#FEMSmicroBlog: Rock-eating microbes remove nitrate from groundwater using iron

15-11-2021

Nitrate is one of the most common groundwater contaminants. Drinking water with high levels of nitrate can decrease our blood’s capacity to carry oxygen or increase the risk of cancer. Finding ways to remove this pollutant from groundwater is therefore of critical importance to protect human health. The research article “Presence of iron(II) and nitrate shapes aquifer-originating communities leading to an autotrophic enrichment dominated by an iron(II)-oxidizing Gallionellaceae sp.” published in FEMS Microbiology Ecology identified new bacterial species that remove nitrate with the help of iron. Natalia Jakus explains for the #FEMSmicroBlog how these bacteria can improve the quality of our groundwater. #FascinatingMicrobes

 

Nitrate-reducing bacteria live in rocks

Bacteria can remove nitrate from groundwater by reducing it to harmless dinitrogen gas. To do so, the nitrate-reducing microbes require particular conditions. These include an oxygen-free – or anoxic – environment, a neutral pH and an organic carbon source.

Groundwater is stored beneath the Earth’s surface in porous rock layers. These water-saturated layers, called aquifers, are often composed of sedimentary rocks. Interestingly, some of the sedimentary rocks additionally contain crystalline structures of pyrite. This mineral, which is made of iron(II) sulfide, easily undergoes redox reactions.

The structure of pyrite
Pyrite in aquifers.

When water enters such an aquifer, it brings important substrates for microbial life such as oxygen, nitrate and organic carbon. Once oxygen gets in contact with pyrite, it rapidly reacts with the mineral. Additionally, under the right conditions, some microbes, for example, Curvibacter spp., can oxidize the iron(II) using small concentrations of oxygen to gain energy.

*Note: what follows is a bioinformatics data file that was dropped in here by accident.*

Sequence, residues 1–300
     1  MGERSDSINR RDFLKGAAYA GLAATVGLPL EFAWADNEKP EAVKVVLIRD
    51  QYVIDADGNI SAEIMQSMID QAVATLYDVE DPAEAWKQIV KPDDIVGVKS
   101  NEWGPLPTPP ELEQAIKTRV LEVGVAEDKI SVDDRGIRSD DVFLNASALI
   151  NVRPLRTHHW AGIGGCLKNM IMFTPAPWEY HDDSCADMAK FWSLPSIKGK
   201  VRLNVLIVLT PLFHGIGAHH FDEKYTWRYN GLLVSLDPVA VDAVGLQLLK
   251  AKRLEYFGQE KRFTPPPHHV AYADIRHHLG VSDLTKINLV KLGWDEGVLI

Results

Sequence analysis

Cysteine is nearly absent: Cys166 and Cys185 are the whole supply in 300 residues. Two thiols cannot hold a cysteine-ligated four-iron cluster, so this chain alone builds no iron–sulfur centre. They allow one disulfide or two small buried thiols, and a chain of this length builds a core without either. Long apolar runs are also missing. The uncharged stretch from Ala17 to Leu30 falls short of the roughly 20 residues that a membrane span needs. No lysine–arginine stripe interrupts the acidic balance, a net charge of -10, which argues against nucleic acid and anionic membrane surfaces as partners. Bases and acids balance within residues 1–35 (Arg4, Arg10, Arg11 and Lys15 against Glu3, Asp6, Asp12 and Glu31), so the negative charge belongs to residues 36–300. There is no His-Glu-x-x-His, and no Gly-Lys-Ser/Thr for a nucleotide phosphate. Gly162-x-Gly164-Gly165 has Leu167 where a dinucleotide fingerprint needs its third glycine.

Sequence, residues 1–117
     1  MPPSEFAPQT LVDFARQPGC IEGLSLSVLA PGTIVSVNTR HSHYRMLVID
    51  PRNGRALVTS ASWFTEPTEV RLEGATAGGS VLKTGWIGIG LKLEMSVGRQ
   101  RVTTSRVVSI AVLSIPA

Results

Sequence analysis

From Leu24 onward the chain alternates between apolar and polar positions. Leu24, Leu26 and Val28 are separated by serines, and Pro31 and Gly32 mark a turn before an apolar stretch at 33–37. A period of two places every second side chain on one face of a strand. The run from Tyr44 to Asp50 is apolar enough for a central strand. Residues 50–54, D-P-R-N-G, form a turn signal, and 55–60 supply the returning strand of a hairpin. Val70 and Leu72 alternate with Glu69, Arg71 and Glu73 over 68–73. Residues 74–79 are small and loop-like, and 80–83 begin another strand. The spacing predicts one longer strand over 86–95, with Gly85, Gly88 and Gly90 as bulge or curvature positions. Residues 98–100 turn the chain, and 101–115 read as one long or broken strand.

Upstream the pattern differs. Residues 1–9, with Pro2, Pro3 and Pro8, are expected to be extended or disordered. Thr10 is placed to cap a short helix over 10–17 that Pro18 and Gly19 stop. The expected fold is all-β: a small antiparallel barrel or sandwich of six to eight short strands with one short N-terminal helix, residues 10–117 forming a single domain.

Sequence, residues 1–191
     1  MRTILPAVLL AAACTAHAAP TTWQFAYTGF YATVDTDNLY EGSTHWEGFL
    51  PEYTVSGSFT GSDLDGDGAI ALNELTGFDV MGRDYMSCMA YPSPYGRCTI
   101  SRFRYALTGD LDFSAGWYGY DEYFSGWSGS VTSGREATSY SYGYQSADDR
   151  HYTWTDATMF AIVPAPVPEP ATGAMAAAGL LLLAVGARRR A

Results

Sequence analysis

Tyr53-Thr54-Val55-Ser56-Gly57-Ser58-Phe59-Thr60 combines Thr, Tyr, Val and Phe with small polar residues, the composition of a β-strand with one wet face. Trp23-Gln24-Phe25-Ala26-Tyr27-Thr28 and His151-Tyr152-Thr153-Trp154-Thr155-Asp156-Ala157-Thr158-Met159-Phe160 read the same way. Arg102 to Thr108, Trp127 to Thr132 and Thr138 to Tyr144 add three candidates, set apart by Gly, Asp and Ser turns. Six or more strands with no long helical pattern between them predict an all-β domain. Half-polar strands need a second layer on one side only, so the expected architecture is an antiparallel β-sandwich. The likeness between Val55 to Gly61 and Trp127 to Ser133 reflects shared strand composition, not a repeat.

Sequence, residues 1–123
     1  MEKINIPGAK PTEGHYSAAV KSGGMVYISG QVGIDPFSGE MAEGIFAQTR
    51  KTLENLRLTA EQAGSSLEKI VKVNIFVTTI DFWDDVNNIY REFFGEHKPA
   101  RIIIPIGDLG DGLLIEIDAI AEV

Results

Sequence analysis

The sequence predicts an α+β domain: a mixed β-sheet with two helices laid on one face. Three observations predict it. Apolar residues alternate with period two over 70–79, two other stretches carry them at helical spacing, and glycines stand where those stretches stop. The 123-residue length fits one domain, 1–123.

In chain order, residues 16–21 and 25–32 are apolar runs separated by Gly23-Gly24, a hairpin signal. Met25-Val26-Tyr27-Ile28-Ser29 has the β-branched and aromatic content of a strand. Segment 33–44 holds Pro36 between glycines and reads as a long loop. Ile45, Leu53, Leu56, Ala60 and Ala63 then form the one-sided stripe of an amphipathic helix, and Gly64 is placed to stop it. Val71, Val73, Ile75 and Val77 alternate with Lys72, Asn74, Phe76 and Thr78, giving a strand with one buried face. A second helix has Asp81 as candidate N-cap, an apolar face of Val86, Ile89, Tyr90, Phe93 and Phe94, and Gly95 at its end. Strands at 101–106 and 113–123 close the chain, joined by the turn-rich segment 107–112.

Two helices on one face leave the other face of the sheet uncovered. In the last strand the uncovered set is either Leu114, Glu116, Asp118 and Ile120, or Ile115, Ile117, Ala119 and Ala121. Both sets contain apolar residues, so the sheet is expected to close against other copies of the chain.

The availability of substrates changes the game

After oxygen has been consumed, nitrate-eating microbes become active and start reducing nitrate. As long as organic carbon is available, common nitrate-reducers like Thauera spp. dominate the groundwater microbial communities.

The co-presence of dissolved iron(II) in addition to organic carbon causes a dominance of Acidovorax spp. within the microbial community. Interestingly, Acidovorax spp. were recently shown to utilize both these substrates to reduce nitrate.

But what happens to the microbes if organic carbon is not there? Can they still remove nitrate?

Without organic substrates, nitrate-reducing microorganisms solely rely on inorganic molecules like iron(II) from the abundant pyrite. This suggests that they would have to couple nitrate reduction to iron(II) oxidation in groundwater and fix inorganic carbon to produce biomass.

Yet, culture-based evidence and thus the identity and genetic features of key bacteria involved in this process was missing until recently. Why is learning about these microbes so tricky?

In the ’90s, researchers obtained the first nitrate-reducing bacterial culture that grew only on iron(II). The culture originated from a pond and consisted of several bacterial species.

Even though their metabolisms are likely energetically beneficial for microbial cells, isolating a single strain from the culture was unsuccessful. Nevertheless, this discovery confirmed the existence of nitrate-dependent iron(II) oxidation.